Jiyeon Lee, a South Korean expat, doesn’t serve Korean barbecue at her Heirloom Market BBQ in Atlanta. She and her husband, the Texas-born Cody Taylor, serve American barbecue with Korean touches. Example: pungent gochujang-marinated pork, smoked over oak and hickory wood and served as a sandwich crowned with kimchi coleslaw.
In Austin, Miguel Vidal has mated the ingredients of his Mexican ancestry with those of his Texas upbringing at his celebrated Valentina’s Tex Mex BBQ. Think house-made corn tortillas with smoked brisket, guacamole and tomato serrano salsa.
Ready or not, change has come to Barbecue Country. Often viewed in black and white, the world of slow-smoked Southern barbecue is being transformed by the immigrants of contemporary America.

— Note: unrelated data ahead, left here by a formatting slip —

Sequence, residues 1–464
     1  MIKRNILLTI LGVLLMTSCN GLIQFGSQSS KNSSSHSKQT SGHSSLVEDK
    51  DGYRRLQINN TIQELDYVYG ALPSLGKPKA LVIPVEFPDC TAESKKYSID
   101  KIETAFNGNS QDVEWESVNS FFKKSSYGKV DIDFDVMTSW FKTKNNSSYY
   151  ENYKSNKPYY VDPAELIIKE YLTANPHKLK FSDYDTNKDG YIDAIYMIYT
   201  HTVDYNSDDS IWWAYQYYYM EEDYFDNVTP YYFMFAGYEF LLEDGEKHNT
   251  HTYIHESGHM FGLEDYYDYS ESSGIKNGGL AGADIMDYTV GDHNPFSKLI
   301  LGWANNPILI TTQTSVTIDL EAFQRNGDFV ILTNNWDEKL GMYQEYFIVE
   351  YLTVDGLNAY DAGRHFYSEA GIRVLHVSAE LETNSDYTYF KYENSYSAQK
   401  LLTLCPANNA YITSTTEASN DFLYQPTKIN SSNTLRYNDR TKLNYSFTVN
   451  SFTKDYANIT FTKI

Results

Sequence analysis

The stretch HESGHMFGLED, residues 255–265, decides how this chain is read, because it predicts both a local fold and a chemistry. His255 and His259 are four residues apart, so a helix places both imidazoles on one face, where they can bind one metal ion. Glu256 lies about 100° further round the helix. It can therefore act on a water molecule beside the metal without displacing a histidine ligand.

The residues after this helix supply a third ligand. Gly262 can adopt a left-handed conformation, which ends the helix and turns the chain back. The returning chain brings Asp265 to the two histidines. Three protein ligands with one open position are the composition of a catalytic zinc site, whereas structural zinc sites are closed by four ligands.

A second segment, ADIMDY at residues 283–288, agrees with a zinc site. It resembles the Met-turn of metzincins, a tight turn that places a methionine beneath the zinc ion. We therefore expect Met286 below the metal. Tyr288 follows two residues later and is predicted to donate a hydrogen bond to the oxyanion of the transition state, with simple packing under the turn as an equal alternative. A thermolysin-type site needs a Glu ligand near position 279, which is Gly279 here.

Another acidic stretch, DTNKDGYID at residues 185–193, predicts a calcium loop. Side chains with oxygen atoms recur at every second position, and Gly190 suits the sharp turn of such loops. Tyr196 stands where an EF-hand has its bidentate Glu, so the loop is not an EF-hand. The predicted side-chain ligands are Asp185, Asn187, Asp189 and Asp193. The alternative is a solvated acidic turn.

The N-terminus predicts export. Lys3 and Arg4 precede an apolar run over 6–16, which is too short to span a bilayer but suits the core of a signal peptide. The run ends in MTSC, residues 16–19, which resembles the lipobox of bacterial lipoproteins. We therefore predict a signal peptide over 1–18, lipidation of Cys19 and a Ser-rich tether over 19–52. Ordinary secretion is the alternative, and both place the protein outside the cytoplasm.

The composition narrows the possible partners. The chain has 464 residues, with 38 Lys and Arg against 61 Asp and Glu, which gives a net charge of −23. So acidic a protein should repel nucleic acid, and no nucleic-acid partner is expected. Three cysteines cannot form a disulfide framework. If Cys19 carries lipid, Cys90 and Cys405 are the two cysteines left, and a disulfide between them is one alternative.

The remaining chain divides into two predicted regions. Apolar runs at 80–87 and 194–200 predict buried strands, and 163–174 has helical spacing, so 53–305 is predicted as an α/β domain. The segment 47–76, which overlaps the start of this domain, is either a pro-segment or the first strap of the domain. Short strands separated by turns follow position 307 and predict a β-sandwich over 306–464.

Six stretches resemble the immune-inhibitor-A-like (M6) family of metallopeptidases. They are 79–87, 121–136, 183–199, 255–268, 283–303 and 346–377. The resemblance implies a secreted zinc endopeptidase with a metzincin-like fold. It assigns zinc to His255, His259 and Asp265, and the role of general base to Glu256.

“A lot of the cultures coming here have something they call barbecue,” says Thomas W. Hanchett, retired staff historian of the Levine Museum of the New South in Charlotte. “They are now becoming part of the South and using this language of barbecue. What had been foreign, international traditions are becoming American traditions.”
Of course, from its earliest days, Southern barbecue has been a polyglot cuisine. Its origin combined Caribbean and Native American techniques of indirect smoking with European meats (pork and beef, mainly) and African American flavorings. More than a century ago, Mexicans in California and Texas contributed a style known as barbacoa in which cow heads are roasted in a pit in the ground. Germans are generally believed to have created the mustard sauce of South Carolina.
The German influence, along with Polish and Czech, is also big in Texas, where in the 1880s and 1890s those immigrants’ meat markets were the ones selling barbecue, says Texas Monthly barbecue editor Daniel Vaughn.